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Judgment: High Court clarifies jurisdiction of Payment Systems Regulator

11 Oct 2023

R (NoteMachine UK Ltd) v the Payment Systems Regulator [2023] EWHC 2522 (Admin)

The High Court has today handed down its long-awaited judgment in a judicial review challenge which clarifies the law governing the jurisdiction of the Payment Systems Regulator (PSR), and specifically how it deals with complaints from participants in payment systems.

NoteMachine, an ATM operator, challenged a family of decisions taken by the PSR within its overall decision not to pursue an investigation in response to an application made by NoteMachine. NoteMachine had complained to the PSR about LINK decreasing the Interchange Rate which NoteMachine receives from cash withdrawals.

NoteMachine issued a claim with five grounds of challenge, of which four were given permission. The grounds given permission alleged that the PSR had made three narrow errors of law, and one error of fact and law. The grounds were:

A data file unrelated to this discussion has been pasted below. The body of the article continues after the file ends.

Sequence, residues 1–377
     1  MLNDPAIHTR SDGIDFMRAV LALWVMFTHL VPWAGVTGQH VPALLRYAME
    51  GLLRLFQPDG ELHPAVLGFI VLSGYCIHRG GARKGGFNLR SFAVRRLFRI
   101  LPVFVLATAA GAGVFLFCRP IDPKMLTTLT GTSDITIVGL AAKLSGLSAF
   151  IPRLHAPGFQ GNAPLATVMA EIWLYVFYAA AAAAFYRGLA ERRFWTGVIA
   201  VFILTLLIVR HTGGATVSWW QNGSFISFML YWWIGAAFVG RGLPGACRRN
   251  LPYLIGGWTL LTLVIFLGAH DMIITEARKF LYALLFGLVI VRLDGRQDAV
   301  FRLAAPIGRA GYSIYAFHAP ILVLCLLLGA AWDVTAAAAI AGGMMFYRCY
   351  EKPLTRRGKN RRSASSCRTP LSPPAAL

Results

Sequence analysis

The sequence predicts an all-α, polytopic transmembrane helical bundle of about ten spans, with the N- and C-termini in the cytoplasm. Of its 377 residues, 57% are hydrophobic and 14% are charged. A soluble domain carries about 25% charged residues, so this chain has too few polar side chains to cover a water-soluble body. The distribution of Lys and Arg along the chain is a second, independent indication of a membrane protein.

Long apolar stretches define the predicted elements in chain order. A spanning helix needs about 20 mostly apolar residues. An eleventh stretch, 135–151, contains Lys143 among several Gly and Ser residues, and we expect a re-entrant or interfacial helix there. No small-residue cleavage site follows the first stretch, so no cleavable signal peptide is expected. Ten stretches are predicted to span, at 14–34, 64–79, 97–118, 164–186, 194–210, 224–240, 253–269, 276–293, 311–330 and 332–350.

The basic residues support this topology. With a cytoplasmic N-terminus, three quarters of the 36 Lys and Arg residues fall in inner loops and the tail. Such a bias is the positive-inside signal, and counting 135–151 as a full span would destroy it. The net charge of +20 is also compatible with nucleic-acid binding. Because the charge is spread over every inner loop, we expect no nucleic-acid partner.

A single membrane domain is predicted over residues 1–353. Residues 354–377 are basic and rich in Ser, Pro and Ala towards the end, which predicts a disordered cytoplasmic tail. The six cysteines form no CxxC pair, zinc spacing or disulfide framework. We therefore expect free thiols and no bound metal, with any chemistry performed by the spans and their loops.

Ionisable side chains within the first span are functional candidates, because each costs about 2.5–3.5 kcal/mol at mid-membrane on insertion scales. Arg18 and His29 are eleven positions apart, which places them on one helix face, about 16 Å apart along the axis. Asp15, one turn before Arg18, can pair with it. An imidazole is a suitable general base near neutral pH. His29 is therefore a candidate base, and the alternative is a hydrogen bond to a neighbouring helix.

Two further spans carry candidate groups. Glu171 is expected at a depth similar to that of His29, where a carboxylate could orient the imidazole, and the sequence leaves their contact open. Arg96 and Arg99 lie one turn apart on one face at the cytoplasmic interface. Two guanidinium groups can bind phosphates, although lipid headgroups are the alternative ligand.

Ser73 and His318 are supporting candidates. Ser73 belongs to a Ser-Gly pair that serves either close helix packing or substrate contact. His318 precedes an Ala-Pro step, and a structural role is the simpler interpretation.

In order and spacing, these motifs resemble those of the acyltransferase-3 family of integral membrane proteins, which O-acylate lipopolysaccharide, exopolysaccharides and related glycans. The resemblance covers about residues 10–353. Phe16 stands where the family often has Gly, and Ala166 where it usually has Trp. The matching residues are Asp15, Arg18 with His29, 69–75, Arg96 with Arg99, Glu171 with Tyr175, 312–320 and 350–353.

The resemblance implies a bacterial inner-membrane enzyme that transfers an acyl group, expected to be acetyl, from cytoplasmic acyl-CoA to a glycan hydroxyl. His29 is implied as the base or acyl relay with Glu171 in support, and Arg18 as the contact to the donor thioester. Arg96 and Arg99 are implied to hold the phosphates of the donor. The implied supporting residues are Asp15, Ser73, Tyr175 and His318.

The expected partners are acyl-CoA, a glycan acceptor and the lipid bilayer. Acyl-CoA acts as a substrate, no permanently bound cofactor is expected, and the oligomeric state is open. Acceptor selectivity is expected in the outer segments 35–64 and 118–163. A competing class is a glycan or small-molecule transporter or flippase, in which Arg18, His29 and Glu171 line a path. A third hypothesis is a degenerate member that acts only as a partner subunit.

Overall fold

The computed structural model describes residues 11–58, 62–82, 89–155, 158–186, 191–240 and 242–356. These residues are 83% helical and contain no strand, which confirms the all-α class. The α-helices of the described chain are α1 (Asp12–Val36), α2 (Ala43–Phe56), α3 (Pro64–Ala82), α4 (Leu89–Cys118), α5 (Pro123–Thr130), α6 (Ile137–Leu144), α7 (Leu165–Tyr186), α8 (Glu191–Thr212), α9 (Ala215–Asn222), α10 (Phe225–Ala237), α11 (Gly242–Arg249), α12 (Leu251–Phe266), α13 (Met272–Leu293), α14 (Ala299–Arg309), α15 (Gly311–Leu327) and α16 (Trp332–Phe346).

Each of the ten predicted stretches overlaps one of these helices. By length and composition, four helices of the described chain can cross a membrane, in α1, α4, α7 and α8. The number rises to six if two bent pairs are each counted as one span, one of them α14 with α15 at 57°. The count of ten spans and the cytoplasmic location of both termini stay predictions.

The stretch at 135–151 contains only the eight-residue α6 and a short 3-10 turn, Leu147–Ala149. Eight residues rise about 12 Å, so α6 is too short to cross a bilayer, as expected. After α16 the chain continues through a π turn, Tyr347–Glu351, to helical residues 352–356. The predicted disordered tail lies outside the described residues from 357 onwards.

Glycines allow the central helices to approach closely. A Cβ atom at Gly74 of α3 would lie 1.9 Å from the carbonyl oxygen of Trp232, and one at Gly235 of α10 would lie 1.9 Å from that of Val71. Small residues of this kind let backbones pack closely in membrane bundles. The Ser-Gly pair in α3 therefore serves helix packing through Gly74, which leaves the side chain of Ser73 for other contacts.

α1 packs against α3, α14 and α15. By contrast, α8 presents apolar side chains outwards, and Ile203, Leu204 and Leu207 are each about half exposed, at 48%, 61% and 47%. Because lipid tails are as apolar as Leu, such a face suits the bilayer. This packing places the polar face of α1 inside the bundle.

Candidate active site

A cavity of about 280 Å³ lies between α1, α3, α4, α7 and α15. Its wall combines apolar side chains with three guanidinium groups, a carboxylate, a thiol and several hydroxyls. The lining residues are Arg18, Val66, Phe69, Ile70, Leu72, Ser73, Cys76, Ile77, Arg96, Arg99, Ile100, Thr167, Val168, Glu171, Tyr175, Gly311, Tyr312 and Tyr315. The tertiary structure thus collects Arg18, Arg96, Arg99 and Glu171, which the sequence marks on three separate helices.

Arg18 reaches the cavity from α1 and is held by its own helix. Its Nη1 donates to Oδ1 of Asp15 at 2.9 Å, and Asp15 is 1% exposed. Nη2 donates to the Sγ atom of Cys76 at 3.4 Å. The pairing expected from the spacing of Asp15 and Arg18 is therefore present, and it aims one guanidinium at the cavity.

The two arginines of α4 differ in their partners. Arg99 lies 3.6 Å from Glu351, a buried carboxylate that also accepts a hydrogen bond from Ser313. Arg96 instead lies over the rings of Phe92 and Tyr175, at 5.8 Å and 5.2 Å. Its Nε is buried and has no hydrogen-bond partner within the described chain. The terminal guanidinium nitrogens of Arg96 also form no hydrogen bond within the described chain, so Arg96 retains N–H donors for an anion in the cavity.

1. The PSR failed to apply s.108 of the Financial Services (Banking Reform) Act (FSBRA) correctly in concluding that it was required to deal with NoteMachine’s application under Regulation 103 of the Payment Services Regulations 2017 (PSRs 2017) instead of under s.57 FSBRA.
  2. When considering Regulation 103 PSRs 2017, the PSR failed to define and apply the concept of “discrimination” correctly as required by Regulation 103(3)(b) PSRs 2017.
  3. When deciding not to take further action in relation to the issues which the Claimant raised concerning the Competition Act 1998 (CA98), the PSR erred in its approach to s.62 FSBRA.
  4. In a letter of 12 March 2021, when deciding not to take further action in relation to the issues which the Claimant raised concerning CA98, the PSR erred in fact and in law by failing to appreciate that CA98 applies equally to Multilateral Interchange Fees which are set too low.

Sweeting J found that all four grounds failed following the substantive hearing, which took place on 16-17 March 2022. In addition, he held that s.31(2A) of the Senior Courts Act 1981 applied to preclude relief in relation to grounds 1, 4 and 5.

Michael Bowsher KC acted for NoteMachine, instructed by Hill Dickinson LLP.

Kassie Smith KC and Imogen Proud acted for the Payment Systems Regulator, instructed by Kingsley Napley.

The full judgment can be read here.

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